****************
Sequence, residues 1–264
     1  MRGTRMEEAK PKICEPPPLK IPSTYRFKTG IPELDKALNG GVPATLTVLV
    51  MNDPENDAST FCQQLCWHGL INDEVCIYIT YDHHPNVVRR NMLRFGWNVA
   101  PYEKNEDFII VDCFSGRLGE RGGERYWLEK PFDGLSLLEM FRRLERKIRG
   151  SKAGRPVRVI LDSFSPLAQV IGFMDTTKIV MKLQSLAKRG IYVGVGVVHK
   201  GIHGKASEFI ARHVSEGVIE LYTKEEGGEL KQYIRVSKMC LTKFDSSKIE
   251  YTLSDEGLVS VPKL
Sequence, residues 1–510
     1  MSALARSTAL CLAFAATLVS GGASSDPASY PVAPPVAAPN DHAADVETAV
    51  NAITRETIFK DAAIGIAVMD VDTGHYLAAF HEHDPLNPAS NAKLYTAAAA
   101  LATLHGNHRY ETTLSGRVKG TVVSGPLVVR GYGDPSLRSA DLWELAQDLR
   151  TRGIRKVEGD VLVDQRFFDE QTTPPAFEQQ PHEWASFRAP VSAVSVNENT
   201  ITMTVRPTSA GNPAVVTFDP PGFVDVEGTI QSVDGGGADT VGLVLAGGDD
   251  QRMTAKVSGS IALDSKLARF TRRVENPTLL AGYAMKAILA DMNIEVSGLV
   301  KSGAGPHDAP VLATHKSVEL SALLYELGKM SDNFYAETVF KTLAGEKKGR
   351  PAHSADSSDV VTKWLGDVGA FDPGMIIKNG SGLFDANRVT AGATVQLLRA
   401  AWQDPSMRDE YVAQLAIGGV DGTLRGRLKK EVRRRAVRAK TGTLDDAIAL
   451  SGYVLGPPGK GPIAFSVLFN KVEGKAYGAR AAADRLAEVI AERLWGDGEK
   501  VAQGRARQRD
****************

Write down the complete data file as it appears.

Sequence, residues 1–264
     1  MRGTRMEEAK PKICEPPPLK IPSTYRFKTG IPELDKALNG GVPATLTVLV
    51  MNDPENDAST FCQQLCWHGL INDEVCIYIT YDHHPNVVRR NMLRFGWNVA
   101  PYEKNEDFII VDCFSGRLGE RGGERYWLEK PFDGLSLLEM FRRLERKIRG
   151  SKAGRPVRVI LDSFSPLAQV IGFMDTTKIV MKLQSLAKRG IYVGVGVVHK
   201  GIHGKASEFI ARHVSEGVIE LYTKEEGGEL KQYIRVSKMC LTKFDSSKIE
   251  YTLSDEGLVS VPKL
Sequence, residues 1–510
     1  MSALARSTAL CLAFAATLVS GGASSDPASY PVAPPVAAPN DHAADVETAV
    51  NAITRETIFK DAAIGIAVMD VDTGHYLAAF HEHDPLNPAS NAKLYTAAAA
   101  LATLHGNHRY ETTLSGRVKG TVVSGPLVVR GYGDPSLRSA DLWELAQDLR
   151  TRGIRKVEGD VLVDQRFFDE QTTPPAFEQQ PHEWASFRAP VSAVSVNENT
   201  ITMTVRPTSA GNPAVVTFDP PGFVDVEGTI QSVDGGGADT VGLVLAGGDD
   251  QRMTAKVSGS IALDSKLARF TRRVENPTLL AGYAMKAILA DMNIEVSGLV
   301  KSGAGPHDAP VLATHKSVEL SALLYELGKM SDNFYAETVF KTLAGEKKGR
   351  PAHSADSSDV VTKWLGDVGA FDPGMIIKNG SGLFDANRVT AGATVQLLRA
   401  AWQDPSMRDE YVAQLAIGGV DGTLRGRLKK EVRRRAVRAK TGTLDDAIAL
   451  SGYVLGPPGK GPIAFSVLFN KVEGKAYGAR AAADRLAEVI AERLWGDGEK
   501  VAQGRARQRD